Jump to content

The Fountain Pen Network uses (functional) cookies. Read the FPN Privacy Policy for more info.  To remove this message, please click here to accept the use of cookies


Registration on the Fountain Pen Network

Dearest Visitor of the little Fountain Pen Nut house on the digital prairie,

Due to the enormous influx of spammers, it is no longer possible to handle valditions in the traditional way. For registrations we therefore kindly and respectfully request you to send an email with your request to our especially created email address. This email address is register at fountainpennetwork dot com. Please include your desired user name, and after validation we will send you a return email containing the validation key, normally wiithin a week.

Thank you very much in advance!
The FPN Admin Team






Photo

Maintenance Advice Needed For The Pilot Custom 823 (Greasing Seal)

pilot custom 823 maintenance advice seal

  • Please log in to reply
14 replies to this topic

#1 Heretechnocrat

Heretechnocrat

    Dipped Only

  • Member - Silver

  • Pip
  • 1 posts
  • Flag:

Posted 31 August 2019 - 22:12

Hello all,

 

I am pondering a possible acquisition of a Pilot Custom 823 and I only have one concern. I have recently become more sensitive to being able to maintain my pens over the length of time I own them. Specifically, I want to be able to address common issues that are likely to emerge for a pen over its operational lifetime. With the Custom 823 and other pens with filling mechanisms that use a seal (viz. piston-fillers), it is likely that the seal will lose its lubrication and cause the operation of the mechanism to become stiff. It happened before with my Lamy 2000 but I was able to unscrew the section and access the interior of the barrel, enabling me to apply a dab of silicon grease to restore full smoothness to the piston seal.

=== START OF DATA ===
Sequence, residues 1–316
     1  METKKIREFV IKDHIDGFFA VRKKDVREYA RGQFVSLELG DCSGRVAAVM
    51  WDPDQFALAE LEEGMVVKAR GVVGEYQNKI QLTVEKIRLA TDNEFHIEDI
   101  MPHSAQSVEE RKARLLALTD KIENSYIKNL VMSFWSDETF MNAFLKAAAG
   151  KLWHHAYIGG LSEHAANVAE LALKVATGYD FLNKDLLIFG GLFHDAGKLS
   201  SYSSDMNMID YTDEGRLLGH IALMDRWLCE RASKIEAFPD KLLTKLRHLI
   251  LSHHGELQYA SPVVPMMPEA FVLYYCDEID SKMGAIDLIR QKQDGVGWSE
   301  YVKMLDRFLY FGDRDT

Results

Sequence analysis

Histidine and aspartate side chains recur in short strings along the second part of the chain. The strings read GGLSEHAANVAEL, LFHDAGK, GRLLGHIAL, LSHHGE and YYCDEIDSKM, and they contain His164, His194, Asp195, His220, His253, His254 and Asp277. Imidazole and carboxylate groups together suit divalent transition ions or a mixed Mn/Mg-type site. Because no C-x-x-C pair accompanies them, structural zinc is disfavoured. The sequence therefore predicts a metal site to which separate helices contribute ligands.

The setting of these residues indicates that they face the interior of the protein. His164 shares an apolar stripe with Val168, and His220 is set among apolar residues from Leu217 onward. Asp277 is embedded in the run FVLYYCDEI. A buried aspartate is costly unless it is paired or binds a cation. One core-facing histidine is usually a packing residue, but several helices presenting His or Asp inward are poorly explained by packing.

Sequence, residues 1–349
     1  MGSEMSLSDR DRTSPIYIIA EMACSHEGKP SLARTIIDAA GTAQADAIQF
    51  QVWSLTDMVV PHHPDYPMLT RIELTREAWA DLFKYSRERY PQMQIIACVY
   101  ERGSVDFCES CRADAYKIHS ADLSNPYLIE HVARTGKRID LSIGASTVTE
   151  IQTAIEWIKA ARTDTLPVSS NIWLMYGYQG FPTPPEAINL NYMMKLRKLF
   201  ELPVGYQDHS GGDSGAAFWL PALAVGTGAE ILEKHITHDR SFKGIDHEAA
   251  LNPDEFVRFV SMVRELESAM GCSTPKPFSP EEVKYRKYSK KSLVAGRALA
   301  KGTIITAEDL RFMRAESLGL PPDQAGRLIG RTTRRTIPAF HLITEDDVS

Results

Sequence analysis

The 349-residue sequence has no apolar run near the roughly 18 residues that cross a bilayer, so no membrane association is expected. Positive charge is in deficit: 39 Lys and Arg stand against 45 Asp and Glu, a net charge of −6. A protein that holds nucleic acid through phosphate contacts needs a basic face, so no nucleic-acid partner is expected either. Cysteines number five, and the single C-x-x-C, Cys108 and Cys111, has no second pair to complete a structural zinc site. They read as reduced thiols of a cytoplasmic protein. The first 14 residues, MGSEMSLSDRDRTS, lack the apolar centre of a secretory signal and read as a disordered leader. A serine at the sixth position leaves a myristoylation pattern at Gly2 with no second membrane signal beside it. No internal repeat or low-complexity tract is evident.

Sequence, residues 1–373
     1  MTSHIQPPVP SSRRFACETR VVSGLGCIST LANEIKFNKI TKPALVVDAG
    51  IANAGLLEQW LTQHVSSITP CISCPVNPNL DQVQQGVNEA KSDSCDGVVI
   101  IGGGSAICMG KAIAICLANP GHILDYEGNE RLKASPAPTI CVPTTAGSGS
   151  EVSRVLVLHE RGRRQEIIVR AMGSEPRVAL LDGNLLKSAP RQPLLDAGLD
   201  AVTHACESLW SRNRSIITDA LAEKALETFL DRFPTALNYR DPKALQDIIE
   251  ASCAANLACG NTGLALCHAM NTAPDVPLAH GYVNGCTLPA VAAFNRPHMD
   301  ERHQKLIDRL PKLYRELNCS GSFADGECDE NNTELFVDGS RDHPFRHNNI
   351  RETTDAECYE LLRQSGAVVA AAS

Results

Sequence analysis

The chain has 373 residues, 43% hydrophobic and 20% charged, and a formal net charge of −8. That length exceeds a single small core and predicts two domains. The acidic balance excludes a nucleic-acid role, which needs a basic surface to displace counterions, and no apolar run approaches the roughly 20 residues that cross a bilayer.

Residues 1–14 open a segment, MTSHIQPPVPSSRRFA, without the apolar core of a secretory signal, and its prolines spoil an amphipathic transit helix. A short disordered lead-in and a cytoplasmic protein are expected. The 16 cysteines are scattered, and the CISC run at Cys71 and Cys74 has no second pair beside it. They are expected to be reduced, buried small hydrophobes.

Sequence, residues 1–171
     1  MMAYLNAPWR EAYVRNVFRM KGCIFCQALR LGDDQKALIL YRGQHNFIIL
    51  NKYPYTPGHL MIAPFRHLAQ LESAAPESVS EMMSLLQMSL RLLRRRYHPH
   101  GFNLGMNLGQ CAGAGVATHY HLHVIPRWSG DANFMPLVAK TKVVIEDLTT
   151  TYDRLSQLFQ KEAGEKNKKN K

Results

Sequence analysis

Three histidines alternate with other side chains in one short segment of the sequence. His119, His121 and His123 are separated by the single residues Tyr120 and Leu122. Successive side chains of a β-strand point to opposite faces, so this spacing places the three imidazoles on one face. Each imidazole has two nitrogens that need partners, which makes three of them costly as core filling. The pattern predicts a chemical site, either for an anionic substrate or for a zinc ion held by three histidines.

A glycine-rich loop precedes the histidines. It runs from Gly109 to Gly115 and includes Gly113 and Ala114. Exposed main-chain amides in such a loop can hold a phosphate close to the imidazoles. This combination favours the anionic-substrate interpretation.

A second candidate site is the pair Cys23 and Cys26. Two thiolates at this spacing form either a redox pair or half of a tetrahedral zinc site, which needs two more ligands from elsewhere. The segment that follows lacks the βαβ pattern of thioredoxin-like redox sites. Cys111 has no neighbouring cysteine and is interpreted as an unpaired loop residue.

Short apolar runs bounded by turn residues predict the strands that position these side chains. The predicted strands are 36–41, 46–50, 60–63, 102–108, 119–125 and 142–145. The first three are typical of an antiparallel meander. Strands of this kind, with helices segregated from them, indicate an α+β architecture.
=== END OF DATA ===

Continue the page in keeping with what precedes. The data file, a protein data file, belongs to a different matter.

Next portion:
As far as I know, pilot does not advise unscrewing the section with the barrel to reach the rod's seal without removing the whole housing from the rear of the pen. I know it is possible to do this, but I am uncertain of the risk that it entails. Based on your experience with the Custom 823 (if any), how difficult is it to lubricate the seal if it causes the mechanism's operation to become stiff? Do I risk serious damage or causing performance issues with the pen if I unscrew the section with the barrel (viz. cracking the resin) to perform this maintenance task?

 

Thank you for reading, I look forward to your responses.



Sponsored Content

#2 BDarchitect

BDarchitect

    Rare

  • Member - Gold

  • PipPipPipPipPip
  • 130 posts
  • Location:Seattle
  • Flag:

Posted 31 August 2019 - 22:18

I did this recently using a TWSBI wrench and it was very easy to unscrew the metal piston guide from the back of the barrel, clean everything thing, and then relube the piston and shaft with silicone and screw it all back together again.  As with any of these type of fillers, you just have to take care not to over tighten the threads or the pressure might crack the plastic; not right away, maybe, but it can happen.

What I haven't done is remove the nib and feed, which I understand from other threads on FPN that Pilot does not warranty.



#3 sirgilbert357